THE launch of a new newspaper in Wales yesterday brought back a flood of memories, not least because its front page had a familiar look.
The National in Wales bore more than a passing resemblance to The National, which I launched in 2014 after bringing the Sunday Herald out in favour of Scottish independence and establishing there was a demand for a pro-indy mainstream newspaper.
There’s no collaboration between the new arrival in Wales and the now well-established National in Scotland but there are some parallels.
Wales’ National isn’t pro-independence but its arrival is obviously precipitated by a growing support for independence in Wales, which is significant in that it adds to the pressure on a Union already struggling to respond to the surge in support for indyref2 in Scotland.
The latest figures in Wales suggest 22% of the population would vote for independence. Excluding those who would not vote or had not made up their minds that figure rises to 29% in favour. A YouGov poll for Wales Online yesterday showed that the proportion of the population who would definitely oppose independence has dropped to 50%.
In comparison just 12% supported independence in Wales when Scotland was voting in the first independence referendum in 2014.
When we launched the National in 2014 we were determined that it would feature on the newspaper stands all over the country alongside the battery of pro-union titles already taking up space there
Gavin Thompson, the editor of the Welsh National, says it will be politically neutral but the rise in support is obviously very much in his mind when he promises to ‘’create an open national conversation’’ about the future of Wales.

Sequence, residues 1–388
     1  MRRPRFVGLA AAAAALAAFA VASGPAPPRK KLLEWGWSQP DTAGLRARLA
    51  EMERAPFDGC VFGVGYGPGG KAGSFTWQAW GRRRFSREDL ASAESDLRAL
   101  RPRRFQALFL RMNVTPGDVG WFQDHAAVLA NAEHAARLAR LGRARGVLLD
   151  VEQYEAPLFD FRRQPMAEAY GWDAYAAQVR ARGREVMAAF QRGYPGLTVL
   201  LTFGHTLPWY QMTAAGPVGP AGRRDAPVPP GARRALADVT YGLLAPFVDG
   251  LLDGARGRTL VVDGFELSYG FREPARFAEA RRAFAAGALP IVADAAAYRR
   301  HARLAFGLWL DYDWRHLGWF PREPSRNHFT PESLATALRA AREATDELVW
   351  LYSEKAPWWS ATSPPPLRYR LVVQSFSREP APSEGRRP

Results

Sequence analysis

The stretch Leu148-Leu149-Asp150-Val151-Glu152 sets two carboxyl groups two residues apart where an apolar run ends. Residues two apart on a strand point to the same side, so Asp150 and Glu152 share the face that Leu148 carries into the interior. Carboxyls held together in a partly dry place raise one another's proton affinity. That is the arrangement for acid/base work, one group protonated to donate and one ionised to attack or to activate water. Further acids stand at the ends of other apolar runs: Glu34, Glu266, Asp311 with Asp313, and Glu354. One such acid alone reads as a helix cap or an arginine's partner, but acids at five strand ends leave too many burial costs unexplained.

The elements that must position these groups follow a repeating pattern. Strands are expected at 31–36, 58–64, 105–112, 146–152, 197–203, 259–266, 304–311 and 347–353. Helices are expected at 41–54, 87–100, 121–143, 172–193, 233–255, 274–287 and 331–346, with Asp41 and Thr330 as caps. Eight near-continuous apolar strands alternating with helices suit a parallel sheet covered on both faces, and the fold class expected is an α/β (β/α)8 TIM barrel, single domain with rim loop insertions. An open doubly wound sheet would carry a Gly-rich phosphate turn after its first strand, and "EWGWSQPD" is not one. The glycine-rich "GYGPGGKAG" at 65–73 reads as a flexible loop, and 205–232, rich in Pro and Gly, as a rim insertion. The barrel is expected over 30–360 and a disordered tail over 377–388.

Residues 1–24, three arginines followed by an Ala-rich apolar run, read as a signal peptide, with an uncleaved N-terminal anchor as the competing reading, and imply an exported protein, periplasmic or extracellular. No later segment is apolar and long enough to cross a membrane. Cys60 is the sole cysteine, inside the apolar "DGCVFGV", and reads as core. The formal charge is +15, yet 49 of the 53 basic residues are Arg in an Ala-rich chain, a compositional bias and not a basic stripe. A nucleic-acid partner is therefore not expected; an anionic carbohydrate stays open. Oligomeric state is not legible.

The new arrival, also launched by The National publisher Newsquest, is mainly an online service and there will be only the occasional print edition, including the ‘’souvenir’’ first edition printed on St David’s Day.
When we launched the National in 2014 we were determined that it would feature on the newspaper stands all over the country alongside the battery of pro-union titles already taking up space there. Newsquest gave it a week to prove it had a future. More than six years later it’s still on those newspaper stands.
I still remember the excitement of launching the title so I’m a little jealous of those Welsh journalists experiencing that same thrill. There’s nothing quite like launching a newspaper to get the adrenaline going.
The newspaper market in Scotland is very different to that in Wales, which doesn’t really have indigenous national newspapers or substantial Welsh editions of national titles. ‘’Wales doesn’t really have that in the same way and we really feel it should,’’ Mr Thompson said.
Wales is different from a party political perspective too. Four parties have said they will stand on a pro-independence platform in the May elections – Plaid Cymru, the Green Party, Gwlad Gwlad and Propel (not yet registered by the Electoral Commission).
Elements within the Labour Party in Wales seem more open to the idea of independence than their Scottish counterparts. A group within Welsh Labour yesterday launched a bid to push the country towards independence with the aim of creating a ‘’socialist state’’.
Labour’s new leader in Scotland Anas Sarwar has said that he does not support a second independence referendum in Scotland and yesterday he said it was not a priority for the ‘’ordinary voter’’ beyond the ‘’Twitter bubble’’.
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